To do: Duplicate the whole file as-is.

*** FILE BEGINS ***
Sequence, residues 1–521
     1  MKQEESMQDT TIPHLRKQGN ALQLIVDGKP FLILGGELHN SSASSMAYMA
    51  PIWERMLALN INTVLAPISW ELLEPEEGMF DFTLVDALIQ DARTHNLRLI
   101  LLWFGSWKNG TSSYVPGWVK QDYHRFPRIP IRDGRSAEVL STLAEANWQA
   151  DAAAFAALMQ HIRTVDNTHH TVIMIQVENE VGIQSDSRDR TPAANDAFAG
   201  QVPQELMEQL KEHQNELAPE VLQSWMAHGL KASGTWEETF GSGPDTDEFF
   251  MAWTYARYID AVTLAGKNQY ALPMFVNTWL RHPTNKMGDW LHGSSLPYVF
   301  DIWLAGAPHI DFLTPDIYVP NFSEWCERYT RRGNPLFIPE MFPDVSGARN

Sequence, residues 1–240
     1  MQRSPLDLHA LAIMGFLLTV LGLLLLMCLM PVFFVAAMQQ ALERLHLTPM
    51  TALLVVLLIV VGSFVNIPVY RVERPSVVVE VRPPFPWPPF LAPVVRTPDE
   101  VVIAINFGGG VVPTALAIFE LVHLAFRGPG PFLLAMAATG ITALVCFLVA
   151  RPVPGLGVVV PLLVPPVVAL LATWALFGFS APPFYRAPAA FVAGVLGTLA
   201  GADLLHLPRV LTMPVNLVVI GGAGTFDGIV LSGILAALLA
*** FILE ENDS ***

Sequence, residues 1–521
     1  MKQEESMQDT TIPHLRKQGN ALQLIVDGKP FLILGGELHN SSASSMAYMA
    51  PIWERMLALN INTVLAPISW ELLEPEEGMF DFTLVDALIQ DARTHNLRLI
   101  LLWFGSWKNG TSSYVPGWVK QDYHRFPRIP IRDGRSAEVL STLAEANWQA
   151  DAAAFAALMQ HIRTVDNTHH TVIMIQVENE VGIQSDSRDR TPAANDAFAG
   201  QVPQELMEQL KEHQNELAPE VLQSWMAHGL KASGTWEETF GSGPDTDEFF
   251  MAWTYARYID AVTLAGKNQY ALPMFVNTWL RHPTNKMGDW LHGSSLPYVF
   301  DIWLAGAPHI DFLTPDIYVP NFSEWCERYT RRGNPLFIPE MFPDVSGARN

Sequence, residues 1–240
     1  MQRSPLDLHA LAIMGFLLTV LGLLLLMCLM PVFFVAAMQQ ALERLHLTPM
    51  TALLVVLLIV VGSFVNIPVY RVERPSVVVE VRPPFPWPPF LAPVVRTPDE
   101  VVIAINFGGG VVPTALAIFE LVHLAFRGPG PFLLAMAATG ITALVCFLVA
   151  RPVPGLGVVV PLLVPPVVAL LATWALFGFS APPFYRAPAA FVAGVLGTLA
   201  GADLLHLPRV LTMPVNLVVI GGAGTFDGIV LSGILAALLA